Noah Jackson is Port Neches-Groves’ biggest supporter after near-fatal injury
Published 12:38 am Thursday, September 8, 2022
For seven years, Noah Jackson started the football season by putting on his helmet, pads and uniform and taking the field with his teammates.
From the time he was a little boy he had a plan. His mother Kim Jackson still stares at a picture of Noah as a young child in his Port Neches-Groves Youth Football League uniform.
“He literally stood there saying ‘I’m going to play on Friday nights on that field,” she recalled.
During PNG’s home opener this season against Memorial, Jackson took the field — but his time there were no pads, helmet or uniform. Doctors told the Jacksons Noah was lucky to be alive, let alone walk on the field as an unofficial member of the team 10 months after a serious brain injury suffered in a JV game forced him to be flown by helicopter to a Houston hospital, where he recovered for more than a month.
The gratitude he feels for being alive is real, but does not fully alleviate the sting of having a front row seat to his deferred dreams.
“My main feeling was how jealous I was of them,” Jackson said of watching his teammates warm up before the Memorial game. “I wanted to switch places and be them. At the same time, I was thinking about the other side of how blessed I am to be alive and how football is not all that important, but it is the second worst emotional pain I have ever felt. It is really all I think about for about 90 percent of the day at school. I just keep reminding myself about the good things in life to keep my head straight.”
Part of that emotional healing came by way of his support team.
“(My support system) has done a good job about keeping my mind off of things,” Jackson said. “I couldn’t thank my trainers and therapists enough. I love them. Without them, I wouldn’t be nearly as close to where I am now.”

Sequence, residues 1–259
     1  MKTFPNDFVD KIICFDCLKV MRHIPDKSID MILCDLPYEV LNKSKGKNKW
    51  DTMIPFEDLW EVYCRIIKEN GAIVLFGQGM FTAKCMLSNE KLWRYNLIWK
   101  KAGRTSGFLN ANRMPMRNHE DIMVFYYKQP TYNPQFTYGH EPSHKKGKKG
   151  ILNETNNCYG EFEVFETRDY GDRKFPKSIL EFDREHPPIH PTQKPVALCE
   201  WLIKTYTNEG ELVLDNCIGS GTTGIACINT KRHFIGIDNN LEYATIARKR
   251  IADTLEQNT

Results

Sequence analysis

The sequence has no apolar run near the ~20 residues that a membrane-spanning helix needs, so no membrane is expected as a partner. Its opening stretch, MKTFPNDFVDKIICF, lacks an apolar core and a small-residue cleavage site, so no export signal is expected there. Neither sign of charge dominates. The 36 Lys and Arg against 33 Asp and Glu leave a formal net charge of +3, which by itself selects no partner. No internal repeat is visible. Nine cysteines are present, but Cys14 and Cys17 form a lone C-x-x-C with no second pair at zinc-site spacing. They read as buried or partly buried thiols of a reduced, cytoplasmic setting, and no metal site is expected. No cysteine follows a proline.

Jackson said he talked with the team’s trainer Ricardo Serna about his new role on the team.
“Me and him talked for a good 15 minutes and he told me a lot of stuff,” Jackson said. “He told me that he wants me to be involved with the team in every way possible. I feel like that was pretty important to me. There is nothing I want more than to be on the field on Friday nights with them.”
Jackson spent the summer working out with the team. It was the first time he had pushed his body outside of his physical therapy.
“I was thinking if I would be able to do it,” he said. “I didn’t want to do it, but I made myself do it. It was really hard. I found out later in the summer I wasn’t supposed to be in the heat like that, which is why I was getting sick. Physically, I didn’t think I was capable.”
During the games, Jackson can be found on the sideline among the team. He usually stands next to the same friends he did when he was playing.
“When we have the ball and we are driving it down the field, I am just jumping up and down,” he said. “Nothing makes me happier. It is sad when we lose, though.”
One of his best friends, Dylan Talbert, wore Jackson’s No. 41 during a scrimmage. Jackson said the gesture put a smile on his face.
The junior still works out but said it is more difficult to find time to do it with his friends and workout buddies having football practice almost every day. He said his main goals are to build his strength and try to get back to where he was physically before the injury.
Jackson said he plans to be on the field cheering for PNG each game this season.